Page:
Maruta: The big decision was whether we were going to stick it out in bars and restaurants and see if things returned to normal, or whether we were going to look for something different. When we moved up here, it was starting over. Neither of us works in hospitality anymore.

Scott: I’m 46, and I’ve given myself repetitive motion injuries from shaking cocktails. The industry is punishing, especially as you get older. Not many jobs have benefits. Not many jobs have an end-game. So my thinking was: I’ve left town, I’m starting over. I’ve left my resume in Toronto. I had a fear that, if I started at another bar, I’d blink and suddenly I’d be 60. It didn’t feel like that was the right financial decision.

Maruta: During the time we were off work, being able to reassess our situation, look at what we’ve been doing for the last 10 or 20 years and to decide whether this was still a good fit, felt like a luxury—if you can say that anything about Covid has been a luxury.

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Scott: There are a lot of people, like us, who are leaving hospitality, but I don’t think it’s CERB that did it. It’s that we had time to think. Most people in hospitality, especially back-of-house staff, never found a place that they loved. It’s getting better—younger chefs are starting to treat their employees and the people who work with them a lot better—but it’s not too long ago that throwing pans at people in the kitchen, or getting yelled at, belittled, or physically assaulted at work, was commonplace. I feel like that was already changing prior to Covid.

Maruta: But it was still there, to some degree. And that’s part of what pushes people out of the industry.

Scott: People had a moment to find some self-worth, and realize that being treated like that isn’t worth it. There are so many situations where people aren’t getting paid enough to go through what they’re going through.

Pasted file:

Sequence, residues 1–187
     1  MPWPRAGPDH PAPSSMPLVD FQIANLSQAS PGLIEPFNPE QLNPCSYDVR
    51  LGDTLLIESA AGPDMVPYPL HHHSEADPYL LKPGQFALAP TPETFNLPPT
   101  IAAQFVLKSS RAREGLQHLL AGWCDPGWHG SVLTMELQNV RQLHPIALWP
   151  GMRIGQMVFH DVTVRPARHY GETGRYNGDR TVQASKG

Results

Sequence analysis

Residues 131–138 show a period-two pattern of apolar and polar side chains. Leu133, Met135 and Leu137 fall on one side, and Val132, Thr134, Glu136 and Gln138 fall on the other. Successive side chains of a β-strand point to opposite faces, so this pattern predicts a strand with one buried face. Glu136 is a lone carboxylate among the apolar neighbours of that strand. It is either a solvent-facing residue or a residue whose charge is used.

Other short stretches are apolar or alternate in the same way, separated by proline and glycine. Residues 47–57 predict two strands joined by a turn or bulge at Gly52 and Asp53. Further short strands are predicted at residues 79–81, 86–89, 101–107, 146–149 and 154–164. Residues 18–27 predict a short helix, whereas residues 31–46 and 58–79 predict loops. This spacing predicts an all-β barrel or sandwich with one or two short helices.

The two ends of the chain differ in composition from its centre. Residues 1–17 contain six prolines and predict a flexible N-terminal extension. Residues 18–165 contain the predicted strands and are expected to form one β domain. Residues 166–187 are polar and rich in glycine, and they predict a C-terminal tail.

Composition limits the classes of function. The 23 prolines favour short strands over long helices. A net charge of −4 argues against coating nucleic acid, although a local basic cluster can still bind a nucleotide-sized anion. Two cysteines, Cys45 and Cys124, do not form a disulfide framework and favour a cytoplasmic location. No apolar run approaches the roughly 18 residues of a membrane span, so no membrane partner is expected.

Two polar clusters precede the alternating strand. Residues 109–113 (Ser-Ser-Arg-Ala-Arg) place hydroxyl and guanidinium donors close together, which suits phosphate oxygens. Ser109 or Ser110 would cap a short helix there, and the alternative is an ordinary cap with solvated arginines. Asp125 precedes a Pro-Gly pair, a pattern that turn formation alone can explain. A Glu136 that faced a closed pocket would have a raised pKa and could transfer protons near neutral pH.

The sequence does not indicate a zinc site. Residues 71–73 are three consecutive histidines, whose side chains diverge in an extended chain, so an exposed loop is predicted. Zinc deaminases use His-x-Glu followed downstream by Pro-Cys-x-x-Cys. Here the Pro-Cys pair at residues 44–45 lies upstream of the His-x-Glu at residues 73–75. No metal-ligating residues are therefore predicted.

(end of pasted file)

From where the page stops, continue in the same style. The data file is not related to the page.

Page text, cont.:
Maruta: When you’re working 16-hour days just to survive, you don’t have time to consider whether you could be doing anything else.

Scott: I was able to leverage my people skills into a job as a banking advisor intern at RBC, and I’m getting my accreditation in mutual funds. The accreditation is self-directed—I could take the exam tomorrow or I could do it in a few weeks. My role will be helping people make better banking decisions moving forward. I like dealing with people, and I want to help people. It’s actually a more seamless transition than I had anticipated, because I need to be kind and trustworthy—all things I had really enjoyed about my experiences in the bar industry. The hardest part was trying to figure out who I could be; mentally, trying to reinvent yourself is tricky. After twenty-five years in the bartending business, I was making some good money. I did very well at my last bartending job, but again, it took me 25 years. I am starting a new career, and there is a good opportunity to make a fair, good wage now.

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Maruta: I’m working in landscaping, and taking horticulture classes. I feel very lucky that we were able to make the move here and start a new life. Not a lot of people can say that.

Scott: I do miss what the hospitality industry was to me. But that’s not what it is now.

Maruta: I just turned 40. I’m looking to find something that’s a little bit easier on me, mentally and physically. I have incredibly fond memories of hospitality. Do I want to return? Probably not. But would I like to, every once and a while, sneak in and do a shift or two? Yes, absolutely.


Have you recently left the hospitality industry for something entirely different? Let us know at food@torontolife.com.